Having opened 110 stores in 20 years, 50% of which opened in the past three years, Shawarmer is an example of a Saudi success story. Despite operating in a QSR market already popular with Western brands such as McDonald’s and KFC, its focus on a classic Middle Eastern product has set it apart.
Shawarmer co-founder and CEO Abdulmohsin Al Rabiah believes the brand is well-placed to continue its meteoric rise in a country where 70% of the population are under 30 and the workforce now includes the traditional homemakers, women.
He tells Caterer Middle East that “across all sectors, Saudi families are putting greater value on and demanding new levels of convenience and service. They expect companies to help enable this new convenience culture without compromising on quality and price. That trend benefits brands like Shawarmer that have invested heavily in new technologies and services that elevate the overall customer experience in our restaurants while improving speed, convenience and on-demand access to our products.”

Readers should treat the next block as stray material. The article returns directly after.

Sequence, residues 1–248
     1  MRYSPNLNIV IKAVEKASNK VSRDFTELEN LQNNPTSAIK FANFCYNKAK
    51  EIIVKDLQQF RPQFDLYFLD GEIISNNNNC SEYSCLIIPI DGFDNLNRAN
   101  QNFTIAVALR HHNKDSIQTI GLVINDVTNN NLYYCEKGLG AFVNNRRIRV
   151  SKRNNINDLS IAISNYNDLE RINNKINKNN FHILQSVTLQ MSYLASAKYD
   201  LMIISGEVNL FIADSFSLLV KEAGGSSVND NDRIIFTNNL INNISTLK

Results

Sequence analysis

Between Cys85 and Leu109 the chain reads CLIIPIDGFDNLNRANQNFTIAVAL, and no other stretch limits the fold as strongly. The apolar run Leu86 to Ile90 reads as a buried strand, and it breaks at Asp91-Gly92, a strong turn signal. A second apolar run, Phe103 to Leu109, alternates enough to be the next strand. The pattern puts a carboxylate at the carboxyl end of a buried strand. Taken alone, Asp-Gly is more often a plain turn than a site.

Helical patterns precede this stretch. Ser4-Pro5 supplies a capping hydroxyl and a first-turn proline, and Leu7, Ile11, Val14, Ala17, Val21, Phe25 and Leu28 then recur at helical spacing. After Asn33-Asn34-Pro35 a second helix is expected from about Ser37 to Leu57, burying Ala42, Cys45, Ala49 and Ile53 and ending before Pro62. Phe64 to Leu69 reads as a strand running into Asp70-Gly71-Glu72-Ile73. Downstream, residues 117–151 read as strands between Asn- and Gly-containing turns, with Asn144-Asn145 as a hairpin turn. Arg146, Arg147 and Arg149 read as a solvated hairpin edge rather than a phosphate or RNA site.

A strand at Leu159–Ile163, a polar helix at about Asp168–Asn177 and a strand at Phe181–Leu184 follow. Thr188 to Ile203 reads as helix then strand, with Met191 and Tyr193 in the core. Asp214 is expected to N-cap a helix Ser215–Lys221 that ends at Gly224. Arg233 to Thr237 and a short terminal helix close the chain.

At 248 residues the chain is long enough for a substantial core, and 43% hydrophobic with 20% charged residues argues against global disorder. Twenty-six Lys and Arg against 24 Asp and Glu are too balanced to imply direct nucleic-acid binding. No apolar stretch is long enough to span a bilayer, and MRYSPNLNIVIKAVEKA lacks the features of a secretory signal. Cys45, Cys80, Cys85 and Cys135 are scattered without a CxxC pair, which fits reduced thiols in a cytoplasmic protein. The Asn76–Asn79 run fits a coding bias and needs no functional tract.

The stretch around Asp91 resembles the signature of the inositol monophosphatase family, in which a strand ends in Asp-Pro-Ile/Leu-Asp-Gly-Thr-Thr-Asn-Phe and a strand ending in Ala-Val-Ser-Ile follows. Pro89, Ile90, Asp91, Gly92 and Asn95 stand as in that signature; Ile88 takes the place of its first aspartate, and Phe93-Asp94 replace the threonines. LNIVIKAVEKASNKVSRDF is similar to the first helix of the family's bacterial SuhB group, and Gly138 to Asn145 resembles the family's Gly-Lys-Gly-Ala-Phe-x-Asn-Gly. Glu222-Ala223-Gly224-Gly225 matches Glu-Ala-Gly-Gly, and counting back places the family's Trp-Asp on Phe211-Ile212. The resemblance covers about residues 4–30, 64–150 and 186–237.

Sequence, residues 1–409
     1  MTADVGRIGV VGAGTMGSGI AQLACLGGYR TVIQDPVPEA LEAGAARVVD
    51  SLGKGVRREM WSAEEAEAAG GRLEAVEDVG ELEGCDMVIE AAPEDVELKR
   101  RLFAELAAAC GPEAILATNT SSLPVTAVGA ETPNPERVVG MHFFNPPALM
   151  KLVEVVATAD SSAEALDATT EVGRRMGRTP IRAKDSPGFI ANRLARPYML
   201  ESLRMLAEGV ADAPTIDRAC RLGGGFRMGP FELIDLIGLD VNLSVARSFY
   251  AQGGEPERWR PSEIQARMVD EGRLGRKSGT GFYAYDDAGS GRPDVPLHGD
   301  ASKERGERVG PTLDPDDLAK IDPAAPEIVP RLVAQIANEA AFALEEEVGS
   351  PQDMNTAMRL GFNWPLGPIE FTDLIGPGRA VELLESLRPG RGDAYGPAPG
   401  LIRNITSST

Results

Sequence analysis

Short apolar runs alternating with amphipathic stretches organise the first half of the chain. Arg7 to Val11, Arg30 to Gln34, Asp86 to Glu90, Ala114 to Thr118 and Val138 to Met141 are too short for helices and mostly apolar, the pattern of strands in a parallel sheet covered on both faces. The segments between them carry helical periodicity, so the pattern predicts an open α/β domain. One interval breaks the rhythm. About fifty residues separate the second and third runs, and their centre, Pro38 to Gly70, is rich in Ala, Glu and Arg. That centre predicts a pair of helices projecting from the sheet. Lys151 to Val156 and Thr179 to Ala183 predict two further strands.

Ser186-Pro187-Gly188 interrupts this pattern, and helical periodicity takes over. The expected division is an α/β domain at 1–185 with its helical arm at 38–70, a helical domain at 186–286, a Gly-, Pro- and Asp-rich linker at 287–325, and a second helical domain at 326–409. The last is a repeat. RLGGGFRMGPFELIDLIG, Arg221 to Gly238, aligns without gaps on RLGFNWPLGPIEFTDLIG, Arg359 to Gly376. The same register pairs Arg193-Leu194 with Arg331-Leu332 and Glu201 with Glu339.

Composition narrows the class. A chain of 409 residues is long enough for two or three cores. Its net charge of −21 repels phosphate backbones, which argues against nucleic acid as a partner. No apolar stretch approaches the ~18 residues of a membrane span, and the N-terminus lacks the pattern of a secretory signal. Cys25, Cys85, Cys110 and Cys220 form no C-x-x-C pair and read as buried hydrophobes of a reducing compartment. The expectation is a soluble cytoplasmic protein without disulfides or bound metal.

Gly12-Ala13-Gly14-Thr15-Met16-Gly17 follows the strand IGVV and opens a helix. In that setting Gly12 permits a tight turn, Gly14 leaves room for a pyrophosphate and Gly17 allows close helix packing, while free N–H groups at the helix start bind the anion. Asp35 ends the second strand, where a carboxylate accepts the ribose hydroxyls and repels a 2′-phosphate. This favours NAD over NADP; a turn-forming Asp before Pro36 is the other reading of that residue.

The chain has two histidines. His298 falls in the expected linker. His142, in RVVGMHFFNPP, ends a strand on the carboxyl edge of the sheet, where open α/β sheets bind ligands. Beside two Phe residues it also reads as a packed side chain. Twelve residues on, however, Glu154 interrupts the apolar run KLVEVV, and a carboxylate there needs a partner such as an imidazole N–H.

This new demographic of customers will pose a challenge for companies hoping to import brands direct from other markets, and Okku’s Piatrou admits that the “average Saudi customer is not knowledgeable in food compared to UAE or Western customers”, while noting that 80% of Okku’s patrons are “affluent, well-educated, and frequent travellers”.
It’s why many top brands have called upon Compass Project Consulting to help them build pop-ups to get the lay of the land in the country, with director Luke Somerville saying that “the operators are then taking the plunge and opening up fully-fledged venues, due to the market demand.”
That’s exactly what La Petite Maison did, according to Budzynski: “We saw it as a great opportunity to better understand the dynamic of the market in order to make better strategic choices for next year. We will open our first Saudi restaurant, optimize and master it before considering any further expansion in KSA at this stage.”
Gates Hospitality has a number of restaurants in Dubai and founder Naim Maadad councils anyone looking at the potential in moving to Saudi considers it carefully. Maadad believes that while some of his concepts would work in the country, others would not.